The pIVTmSOX1 vector was constructed by inserting the blunt-ended KpnI–StuI fragment into the blunt-ended BglII site of pSP64T (Promega), which was modified to contain 3′ globin sequence for RNA stability. TnT-coupled reticulocyte lysate system (Promega) was used according to the manufacturer’s instructions. For EMSA, 33 fmoles of DNA radiolabeled with the Klenow fragment of DNA polymerase (NEB) was incubated with 1 μl of in vitro transcription/translation reaction mixture containing SOX1 protein in a final volume of 10 μl containing 20 mm HEPES (pH 7.9), 15% glycerol, 50 mm KCl, 1 mm DTT, 0.25 μg/μl poly[d(G-C)], 1 mm EDTA. A 100-fold excess of competitor double-stranded γA or γAM oligonucleotide was added at the start of the reaction. After 30 min at room temperature, 1 μl of normal rabbit serum or rabbit anti-mouse SOX1 antiserum abFB43 or ab791 (rabbit polyclonal antiserum raised against a 10-residue peptide of the mouse SOX1 amino-terminal region) (SNPE Neosystem) was added and incubated for an additional 30 min at room temperature. Reactions were subjected to electrophoresis on 4% non-denaturing polyacrylamide gels and analyzed by autoradiography.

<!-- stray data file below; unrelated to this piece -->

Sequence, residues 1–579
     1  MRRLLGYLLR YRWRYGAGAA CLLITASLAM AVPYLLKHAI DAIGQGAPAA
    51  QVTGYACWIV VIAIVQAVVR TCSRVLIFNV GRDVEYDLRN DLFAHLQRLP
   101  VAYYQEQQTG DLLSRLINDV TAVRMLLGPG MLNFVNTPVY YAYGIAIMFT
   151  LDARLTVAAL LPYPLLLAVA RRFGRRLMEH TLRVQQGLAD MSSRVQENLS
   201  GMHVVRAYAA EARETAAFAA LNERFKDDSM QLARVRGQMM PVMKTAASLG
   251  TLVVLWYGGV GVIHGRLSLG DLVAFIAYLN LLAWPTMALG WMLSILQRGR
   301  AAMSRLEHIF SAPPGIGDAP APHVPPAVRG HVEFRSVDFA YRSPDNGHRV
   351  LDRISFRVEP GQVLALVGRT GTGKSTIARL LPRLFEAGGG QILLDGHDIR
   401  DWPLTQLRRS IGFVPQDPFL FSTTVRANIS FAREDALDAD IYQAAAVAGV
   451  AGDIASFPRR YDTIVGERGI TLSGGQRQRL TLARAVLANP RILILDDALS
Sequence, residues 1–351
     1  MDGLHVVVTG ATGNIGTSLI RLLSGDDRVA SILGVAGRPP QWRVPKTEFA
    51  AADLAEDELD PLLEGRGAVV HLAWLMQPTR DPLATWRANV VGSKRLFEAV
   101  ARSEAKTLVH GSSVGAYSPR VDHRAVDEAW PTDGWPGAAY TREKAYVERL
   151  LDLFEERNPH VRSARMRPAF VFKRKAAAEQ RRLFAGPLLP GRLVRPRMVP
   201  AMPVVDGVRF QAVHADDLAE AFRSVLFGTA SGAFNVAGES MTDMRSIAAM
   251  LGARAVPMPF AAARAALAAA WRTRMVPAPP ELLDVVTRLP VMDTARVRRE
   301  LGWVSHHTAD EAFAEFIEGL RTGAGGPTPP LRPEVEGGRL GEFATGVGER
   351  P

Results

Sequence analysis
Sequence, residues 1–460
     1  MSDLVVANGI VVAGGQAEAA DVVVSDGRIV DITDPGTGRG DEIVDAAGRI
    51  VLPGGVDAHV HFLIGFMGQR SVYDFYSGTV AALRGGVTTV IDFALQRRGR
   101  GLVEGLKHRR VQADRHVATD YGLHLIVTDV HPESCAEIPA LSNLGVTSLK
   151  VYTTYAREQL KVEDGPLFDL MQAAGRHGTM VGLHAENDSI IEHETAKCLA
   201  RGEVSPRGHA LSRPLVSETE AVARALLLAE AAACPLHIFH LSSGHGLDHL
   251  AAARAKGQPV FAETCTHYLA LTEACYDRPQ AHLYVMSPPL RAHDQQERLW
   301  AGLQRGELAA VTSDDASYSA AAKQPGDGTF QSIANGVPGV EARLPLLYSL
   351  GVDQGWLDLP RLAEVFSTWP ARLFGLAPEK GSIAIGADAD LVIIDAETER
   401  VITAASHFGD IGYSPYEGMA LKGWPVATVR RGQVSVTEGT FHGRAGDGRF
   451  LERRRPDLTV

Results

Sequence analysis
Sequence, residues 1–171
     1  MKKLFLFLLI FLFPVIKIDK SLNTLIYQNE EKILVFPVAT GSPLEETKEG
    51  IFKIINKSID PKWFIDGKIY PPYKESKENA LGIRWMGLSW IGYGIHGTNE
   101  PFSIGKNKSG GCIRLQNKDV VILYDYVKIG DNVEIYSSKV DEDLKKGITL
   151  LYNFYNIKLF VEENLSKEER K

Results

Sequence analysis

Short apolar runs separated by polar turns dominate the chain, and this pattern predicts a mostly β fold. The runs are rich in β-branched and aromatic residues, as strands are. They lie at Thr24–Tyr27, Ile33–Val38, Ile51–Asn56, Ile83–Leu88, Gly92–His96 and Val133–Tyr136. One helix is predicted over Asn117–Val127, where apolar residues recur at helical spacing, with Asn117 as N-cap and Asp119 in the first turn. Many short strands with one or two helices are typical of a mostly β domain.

We thank Thomas Jessell for comments on the manuscript and Steve Sheardown for providing materials and advice for the EMSAs. We also thank other members of the Embryology and X Inactivation laboratories for helpful discussions and encouragement. The work was supported by the MRC.

The publication costs of this article were defrayed in part by payment of page charges. This article must therefore be hereby marked “advertisement” in accordance with 18 USC section 1734 solely to indicate this fact.


E-MAIL ku.ca.smpr@poksipev; FAX 44-181-383-8338.